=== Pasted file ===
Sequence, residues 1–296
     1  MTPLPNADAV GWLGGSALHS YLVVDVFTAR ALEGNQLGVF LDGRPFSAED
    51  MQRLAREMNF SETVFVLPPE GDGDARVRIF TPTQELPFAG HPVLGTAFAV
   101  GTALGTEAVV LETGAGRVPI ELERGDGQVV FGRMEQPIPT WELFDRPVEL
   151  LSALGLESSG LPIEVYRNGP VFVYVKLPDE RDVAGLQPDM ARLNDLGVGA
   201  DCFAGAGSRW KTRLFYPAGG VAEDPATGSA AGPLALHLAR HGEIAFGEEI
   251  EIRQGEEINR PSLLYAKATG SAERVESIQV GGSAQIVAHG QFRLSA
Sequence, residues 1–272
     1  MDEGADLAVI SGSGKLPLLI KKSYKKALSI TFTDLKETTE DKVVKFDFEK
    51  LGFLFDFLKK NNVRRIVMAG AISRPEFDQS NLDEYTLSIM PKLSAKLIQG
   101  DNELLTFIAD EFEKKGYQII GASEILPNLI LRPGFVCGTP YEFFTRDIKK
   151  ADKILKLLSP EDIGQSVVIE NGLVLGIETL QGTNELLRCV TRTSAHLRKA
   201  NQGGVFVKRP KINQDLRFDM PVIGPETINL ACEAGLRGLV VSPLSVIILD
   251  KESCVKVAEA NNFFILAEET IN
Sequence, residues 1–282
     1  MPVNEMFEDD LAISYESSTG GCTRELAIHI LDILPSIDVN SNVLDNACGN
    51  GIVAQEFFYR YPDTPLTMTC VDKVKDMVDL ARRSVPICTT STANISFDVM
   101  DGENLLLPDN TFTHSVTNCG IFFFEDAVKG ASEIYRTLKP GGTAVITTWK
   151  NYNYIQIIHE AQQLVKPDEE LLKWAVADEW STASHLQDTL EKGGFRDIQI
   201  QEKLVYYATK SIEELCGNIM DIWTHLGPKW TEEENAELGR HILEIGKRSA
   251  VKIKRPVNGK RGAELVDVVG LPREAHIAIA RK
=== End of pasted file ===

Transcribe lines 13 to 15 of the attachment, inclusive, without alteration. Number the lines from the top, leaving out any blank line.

   201  NQGGVFVKRP KINQDLRFDM PVIGPETINL ACEAGLRGLV VSPLSVIILD
   251  KESCVKVAEA NNFFILAEET IN
Sequence, residues 1–282